Before using this medication, tell your doctor or pharmacist your medical history, especially of: heart failure (treated, compensated type), breathing problems (e.g., asthma, chronic obstructive lung disease), diabetes, overactive thyroid disease (hyperthyroidism), liver disease, blood circulation problems (e.g., Raynaud's disease), skin conditions (e.g., psoriasis), serious allergic reactions including those needing treatment with epinephrine, mental/mood disorders (e.g., depression), certain muscle disease (myasthenia gravis), a certain type of tumor (pheochromocytoma).
Before having surgery, tell your doctor or dentist that you are taking this medication.
If you have diabetes, this medication may mask the fast/pounding heartbeat you would usually feel when your blood sugar level falls too low (hypoglycemia). Other symptoms of a low blood sugar level such as dizziness or sweating are unaffected by this drug.
This drug may make you dizzy or drowsy. Do not drive, use machinery, or do any activity that requires alertness until you are sure you can perform such activities safely. Limit alcoholic beverages.
To minimize dizziness and lightheadedness, get up slowly when rising from a seated or lying position.
This medication should be used only when clearly needed during pregnancy. Discuss the risks (e.g., low birth weight) and benefits with your doctor.
This drug passes into breast milk. While there have been no reports of harm to nursing infants, consult your doctor before breast-feeding.
The effects of some drugs can change if you take other drugs or herbal products at the same time. This can increase your risk for serious side effects or may cause your medications not to work correctly. These drug interactions are possible, but do not always occur. Your doctor or pharmacist can often prevent or manage interactions by changing how you use your medications or by close monitoring.
To help your doctor and pharmacist give you the best care, be sure to tell your doctor and pharmacist about all the products you use (including prescription drugs, nonprescription drugs, and herbal products) before starting treatment with this product. While using this product, do not start, stop, or change the dosage of any other medicines you are using without your doctor's approval.
Some products that may interact with this drug include: drugs affecting liver enzymes that remove metoprolol from your body (such as amiodarone, barbiturates including phenobarbital, certain antidepressants including bupropion/fluoxetine/paroxetine, cimetidine, propafenone, quinidine, rifampin, ritonavir, St. John's wort).
Check the labels on all your medicines (e.g., cough-and-cold products, diet aids, non-steroidal anti-inflammatory drugs-NSAIDs such as indomethacin, ibuprofen) because they may contain ingredients that could increase your heart rate or blood pressure. Ask your pharmacist about the safe use of those products.
This document does not contain all possible drug interactions. Keep a list of all the products you use. Share this list with your doctor and pharmacist to lessen your risk for serious medication problems.
If overdose is suspected, contact your local poison control center or emergency room immediately. US residents can call the US national poison hotline at 1-800-222-1222. Canadian residents should call their local poison control center directly. Symptoms of overdose may include unusually slow heartbeat, severe dizziness, slow or shallow breathing, weakness, or fainting.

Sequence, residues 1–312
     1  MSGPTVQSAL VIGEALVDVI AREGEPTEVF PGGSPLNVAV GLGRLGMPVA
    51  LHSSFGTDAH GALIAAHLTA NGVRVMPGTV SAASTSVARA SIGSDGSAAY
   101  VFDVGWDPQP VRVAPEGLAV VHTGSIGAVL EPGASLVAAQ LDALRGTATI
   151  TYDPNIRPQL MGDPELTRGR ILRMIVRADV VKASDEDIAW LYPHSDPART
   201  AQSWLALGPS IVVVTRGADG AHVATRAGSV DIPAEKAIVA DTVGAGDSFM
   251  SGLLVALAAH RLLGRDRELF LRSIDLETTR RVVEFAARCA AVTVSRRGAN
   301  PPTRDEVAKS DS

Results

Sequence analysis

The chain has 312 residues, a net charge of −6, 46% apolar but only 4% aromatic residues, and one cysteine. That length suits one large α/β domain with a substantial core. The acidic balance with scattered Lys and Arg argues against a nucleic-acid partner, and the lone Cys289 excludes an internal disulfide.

Do not share this medication with others. Lifestyle changes such as stress reduction programs, exercise and dietary changes may increase the effectiveness of this medicine. Talk to your doctor or pharmacist about lifestyle changes that might benefit you.
Have your blood pressure and pulse checked regularly while taking this medication. It may be best to learn how to monitor your own blood pressure and pulse. Discuss this with your doctor.
If you miss a dose, take it as soon as you remember, but not if it is within 4 hours of the next dose. If it is within 4 hours of the next dose, skip the missed dose and resume your usual dosing schedule. Do not double the dose to catch up.
Store at room temperature between 59 and 86 degrees F (between 15 and 30 degrees C) away from light and moisture. Do not store in the bathroom. Keep all medicines away from children and pets.
Do not flush medications down the toilet or pour them into a drain unless instructed to do so. Properly discard this product when it is expired or no longer needed. Consult your pharmacist or local waste disposal company for more details about how to safely discard your product.
MEDICAL ALERT: Your condition can cause complications in a medical emergency. For enrollment information call MedicAlert at 1-800-854-1166 (USA), or 1-800-668-1507 (Canada).
Information last revised March 2010 Copyright(c) 2010 First DataBank, Inc.
That information came from medscape.com. Education on the medication, hope it helps.
carolandtom; one of the questions to ask also is where they are orginating; as this is almost as important as how many and the pattern - trigeminy; bigeminy etc
while 800 pvc's in a 24 hour period may be alarming to you, there are many of us who live and cope with 20,000 - 50,000 pvc's daily; the problem with increasing pvc's is the possibility of developing cardiomyopathy from them - having said that; some of have developed CM and most have recovered or reversed it with medications and/or surgeries
medication prescribed by a doctor shouldn't be stopped unless under the direct care of a doctor just to be safe; check with the cardiologist and since the Echo says her heart looks perfect it my just be something enviromental or chemical like electrolytes causing the pvc's; which she needs to have some blood tests just to check those levels
if she's also had "blackouts" I would recommend you/her metion to the cardiologist a tilt table test TTT or HuTT to rule out certain things
my oldest daughter is almost 24 now and when she was young she would have episodes of blackouts/fainting and I remember the dr saying it was nothing - I've fainted since I was 9 and just found out at 42 that I had something wrong with me; so it's always good to rule out everything to be safe =)